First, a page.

Haggas will be represented in the big Australian races once again by Dubai Honour, who won both the Ranvet Stakes and the Queen Elizabeth Stakes last year before finishing a fine third to Romantic Warrior in the QEII Cup in Hong Kong.

“He’ll go into quarantine on February 15. We’re looking at the same two races as last year,” said Haggas.

“I probably shouldn’t have run him in the Eclipse, as he’d been on the go for a while, but there were only four runners and I thought he ran well for a long way in the Champion Stakes.

“To be honest, his whole summer was based around getting him in top shape to come to you (Australia) in February/March.

“He will be the same horse he was, I hope.

“I’d like him to come back for two years. If all goes well this year and he runs competitively, then basically it will be all the same again.”

Two more could travel with Dubai Honour, as Post Impressionist, winner of the Old Borough Cup, and Mujtaba, last seen finishing second in the Huxley Stakes in May, are both pencilled in.

“Post Impressionist will run in the Sydney Cup, he’s been bought by Lloyd Williams. He’s in really good shape,” said Haggas.

“Mujtaba might well go. I’m really pleased with his condition. He’ll either go Ranvet or Tancred and then hopefully Queen Elizabeth.

“He’s never won a Stakes race, in his only start last year he was second in a Group Two and then got colic.

“He’s a good age, he’s six but has only run nine times in his life.”

Ascot has announced an increase in prize-money for 2024 when the King’s Stand sprint will also be run as the King Charles III Stakes for the first time.

Prize-money for 2024 will be worth £17.5million, an increase of 3.9 per cent on 2023, with Royal Ascot accounting for £10million on its own.

The figure excludes the industry-owned Qipco British Champions Day fixture in October.

Group One races at Royal Ascot will be run for a minimum of £650,000 (up from £600,000) while no race will be worth less than £110,000 at the big meeting.

Royal Ascot 2023 benefitted from the first royal winner since the King’s succession to the throne through William Haggas’ Desert Hero.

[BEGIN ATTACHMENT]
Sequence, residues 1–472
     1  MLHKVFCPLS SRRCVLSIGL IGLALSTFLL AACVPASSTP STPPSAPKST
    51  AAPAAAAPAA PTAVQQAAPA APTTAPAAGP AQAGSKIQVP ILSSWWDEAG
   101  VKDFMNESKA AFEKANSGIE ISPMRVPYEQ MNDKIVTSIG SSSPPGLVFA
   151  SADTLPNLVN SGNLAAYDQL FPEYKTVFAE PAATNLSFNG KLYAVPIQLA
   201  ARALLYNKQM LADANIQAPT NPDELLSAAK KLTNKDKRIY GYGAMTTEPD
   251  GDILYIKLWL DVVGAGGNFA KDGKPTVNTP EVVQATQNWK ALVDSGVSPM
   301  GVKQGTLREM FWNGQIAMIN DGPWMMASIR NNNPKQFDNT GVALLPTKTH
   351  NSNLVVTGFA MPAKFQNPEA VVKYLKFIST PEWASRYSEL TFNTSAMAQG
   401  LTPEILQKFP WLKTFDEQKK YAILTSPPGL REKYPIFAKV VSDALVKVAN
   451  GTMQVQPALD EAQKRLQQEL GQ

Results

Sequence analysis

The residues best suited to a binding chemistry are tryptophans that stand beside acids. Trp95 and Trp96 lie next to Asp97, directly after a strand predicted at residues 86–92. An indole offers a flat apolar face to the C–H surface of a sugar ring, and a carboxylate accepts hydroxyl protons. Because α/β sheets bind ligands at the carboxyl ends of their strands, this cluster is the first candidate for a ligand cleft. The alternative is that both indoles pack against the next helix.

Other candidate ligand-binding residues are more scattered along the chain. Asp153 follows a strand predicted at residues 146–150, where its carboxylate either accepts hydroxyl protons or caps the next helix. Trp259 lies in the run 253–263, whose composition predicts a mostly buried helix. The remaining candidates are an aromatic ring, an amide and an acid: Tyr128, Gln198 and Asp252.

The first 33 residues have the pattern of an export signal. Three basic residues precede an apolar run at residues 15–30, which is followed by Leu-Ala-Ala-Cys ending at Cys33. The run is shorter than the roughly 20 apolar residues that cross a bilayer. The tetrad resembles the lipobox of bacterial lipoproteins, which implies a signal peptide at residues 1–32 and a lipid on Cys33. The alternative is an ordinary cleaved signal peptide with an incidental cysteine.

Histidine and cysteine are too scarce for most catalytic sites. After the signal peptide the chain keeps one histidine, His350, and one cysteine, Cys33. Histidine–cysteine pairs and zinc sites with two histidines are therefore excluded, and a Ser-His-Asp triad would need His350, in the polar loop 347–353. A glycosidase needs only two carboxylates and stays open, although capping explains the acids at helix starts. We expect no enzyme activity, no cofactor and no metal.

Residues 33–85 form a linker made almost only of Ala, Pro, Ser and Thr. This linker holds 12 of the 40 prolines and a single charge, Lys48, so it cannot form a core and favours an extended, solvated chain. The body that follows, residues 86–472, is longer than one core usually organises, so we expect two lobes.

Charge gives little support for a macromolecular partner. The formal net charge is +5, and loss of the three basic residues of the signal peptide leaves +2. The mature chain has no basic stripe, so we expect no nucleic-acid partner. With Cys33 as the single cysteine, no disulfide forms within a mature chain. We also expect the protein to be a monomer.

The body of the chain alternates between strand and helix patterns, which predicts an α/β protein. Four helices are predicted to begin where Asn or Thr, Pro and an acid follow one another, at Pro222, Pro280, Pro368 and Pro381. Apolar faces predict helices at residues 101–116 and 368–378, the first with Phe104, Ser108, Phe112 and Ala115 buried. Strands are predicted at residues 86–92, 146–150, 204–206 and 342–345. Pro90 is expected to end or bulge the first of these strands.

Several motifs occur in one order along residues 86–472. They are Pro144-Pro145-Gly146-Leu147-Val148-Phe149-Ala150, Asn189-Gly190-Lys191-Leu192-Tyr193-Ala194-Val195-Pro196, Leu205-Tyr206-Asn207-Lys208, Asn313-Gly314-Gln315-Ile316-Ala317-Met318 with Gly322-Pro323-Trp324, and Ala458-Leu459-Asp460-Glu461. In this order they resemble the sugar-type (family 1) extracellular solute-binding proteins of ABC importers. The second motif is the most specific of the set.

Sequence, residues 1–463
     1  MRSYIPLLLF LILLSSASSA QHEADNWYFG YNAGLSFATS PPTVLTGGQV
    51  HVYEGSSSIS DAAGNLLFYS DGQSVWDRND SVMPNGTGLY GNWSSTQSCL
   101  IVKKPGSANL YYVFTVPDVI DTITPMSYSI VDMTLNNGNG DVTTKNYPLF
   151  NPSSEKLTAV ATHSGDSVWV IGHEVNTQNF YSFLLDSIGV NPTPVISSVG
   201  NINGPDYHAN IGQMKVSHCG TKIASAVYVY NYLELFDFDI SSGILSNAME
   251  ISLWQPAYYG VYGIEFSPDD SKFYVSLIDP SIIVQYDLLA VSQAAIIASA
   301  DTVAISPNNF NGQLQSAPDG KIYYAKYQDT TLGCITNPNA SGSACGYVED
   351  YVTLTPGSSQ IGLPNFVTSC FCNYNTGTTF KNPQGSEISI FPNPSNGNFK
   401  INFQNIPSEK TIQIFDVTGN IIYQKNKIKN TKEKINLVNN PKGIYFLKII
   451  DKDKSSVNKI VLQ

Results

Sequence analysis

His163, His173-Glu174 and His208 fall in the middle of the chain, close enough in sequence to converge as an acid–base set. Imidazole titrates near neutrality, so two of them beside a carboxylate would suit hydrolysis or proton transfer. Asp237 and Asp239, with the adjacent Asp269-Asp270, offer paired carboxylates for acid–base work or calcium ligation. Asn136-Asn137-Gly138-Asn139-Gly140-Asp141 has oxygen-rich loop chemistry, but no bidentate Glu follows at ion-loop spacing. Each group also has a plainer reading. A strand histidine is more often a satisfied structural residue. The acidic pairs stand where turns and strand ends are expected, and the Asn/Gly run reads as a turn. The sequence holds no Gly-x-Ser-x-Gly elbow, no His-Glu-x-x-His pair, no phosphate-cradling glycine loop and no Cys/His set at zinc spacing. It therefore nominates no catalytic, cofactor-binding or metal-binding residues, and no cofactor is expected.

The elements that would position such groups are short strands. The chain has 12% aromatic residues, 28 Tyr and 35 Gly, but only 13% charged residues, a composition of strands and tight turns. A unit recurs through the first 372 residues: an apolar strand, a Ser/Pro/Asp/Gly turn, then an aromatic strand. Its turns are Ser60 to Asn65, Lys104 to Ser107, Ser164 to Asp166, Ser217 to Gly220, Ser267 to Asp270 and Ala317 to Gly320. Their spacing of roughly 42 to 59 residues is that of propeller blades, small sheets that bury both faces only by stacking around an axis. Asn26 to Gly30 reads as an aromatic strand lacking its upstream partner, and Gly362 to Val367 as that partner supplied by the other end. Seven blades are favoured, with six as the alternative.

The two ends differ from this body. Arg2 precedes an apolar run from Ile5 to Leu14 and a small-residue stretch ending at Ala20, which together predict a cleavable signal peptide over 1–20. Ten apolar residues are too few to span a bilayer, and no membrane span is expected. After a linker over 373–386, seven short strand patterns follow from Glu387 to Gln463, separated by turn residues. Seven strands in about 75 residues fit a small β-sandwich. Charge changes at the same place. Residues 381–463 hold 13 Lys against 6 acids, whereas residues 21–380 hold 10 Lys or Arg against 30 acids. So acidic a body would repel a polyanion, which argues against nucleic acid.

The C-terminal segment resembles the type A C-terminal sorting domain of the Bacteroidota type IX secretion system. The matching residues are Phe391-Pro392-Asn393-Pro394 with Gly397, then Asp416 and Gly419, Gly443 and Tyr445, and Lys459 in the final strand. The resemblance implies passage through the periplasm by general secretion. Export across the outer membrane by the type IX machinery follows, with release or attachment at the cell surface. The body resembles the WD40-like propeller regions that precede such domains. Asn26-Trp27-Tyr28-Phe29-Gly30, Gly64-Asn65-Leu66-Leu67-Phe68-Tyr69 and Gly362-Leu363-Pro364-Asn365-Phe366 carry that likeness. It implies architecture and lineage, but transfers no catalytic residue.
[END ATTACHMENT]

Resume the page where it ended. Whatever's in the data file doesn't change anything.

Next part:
Nick Smith, director of racing and public affairs at Ascot, said: “We are pleased to be delivering these prize-money increases in 2024 against a backdrop of uncertainty and an unprecedented number of negative headwinds for the industry. The financial impact on all facets of the industry is already being acutely felt.

“It is, however, crucial for Royal Ascot to maintain its position on the global stage at a time when participants at home and abroad have so many alternative lucrative options away from Britain.

“Whist the main increases have been made to the Royal meeting to enable us to get to £10million for the first time, we have made increases in other areas of the programme as well.

“These include increases to fit with the new Premier fixture structure, including at the Dubai Duty Free Shergar Cup, where there is a particular focus on maintaining full fields.

“Importantly, no race at Ascot will be run for less than in 2023 including at our core (non-Premier) fixtures. This is in spite of a reduction in central funding to this element of the programme, which has therefore required further increases in executive contribution.”

Frankie Dettori is as low as 1-10 with Coral to ride at Royal Ascot next year having announced he is to continue his career in America.

Following a 10-month farewell tour, Dettori has reversed his plan to hang up his saddle at the end of 2023 and extend his riding days.

Having rented out his house in Newmarket, Dettori and his wife, Catherine, will move to California, where he spent last winter riding with great success.

Given the Italian has a good relationship with American trainer Wesley Ward, who is usually well represented at Royal Ascot, the bookmakers think it is almost a foregone conclusion that he will be back riding in the UK in June.

Among a raft of other specials offered are 5-1 for Dettori to ride a US Triple Crown winner, 16-1 to ride the Kentucky Derby winner and 2-1 to ride an American-trained horse to victory at next year’s Royal Ascot.

“Now Frankie has confirmed his career will be extended into 2024, there must be every chance we see him back at his favourite track next summer, and with allies such as Wesley Ward in his corner, it’s not big odds that he extends his winning tally at the Royal meeting,” said Coral’s David Stevens.

Paddy Power make it only a 6-4 shot that Dettori rides at Royal Ascot 2025, while he is 2-1 to ride a British Group One winner next year with the same firm.

William Hill have taken a similar view in making him a 2-1 chance to ride a Royal Ascot winner next year and 16-1 for Kentucky Derby success.

The firm’s Lee Phelps said: “Frankie Dettori has taken a U-turn in his road to retirement after riding at the top of his game all season.

“His luck is likely to continue in America and the Middle East this winter, so we give him odds of 2-1 to be back at Royal Ascot next year riding a winner, despite his claims of retiring from UK racing.

“While he hasn’t ridden a winner of the Kentucky Derby yet, it’s not out of the question that he could do it in 2024, and we have him at 16-1 to ride next year’s winner.”

William Haggas says he is in no rush to make a plan for the King’s Royal Ascot winner Desert Hero.

A son of Sea The Stars, the three-year-old earned a third success in five career starts when recording a famous victory under Tom Marquand in the King George V Stakes.

The head victory over Valiant King gave the King and Queen their first success at the meeting.

The Newmarket handler feels he will not make a quick return to the track, however.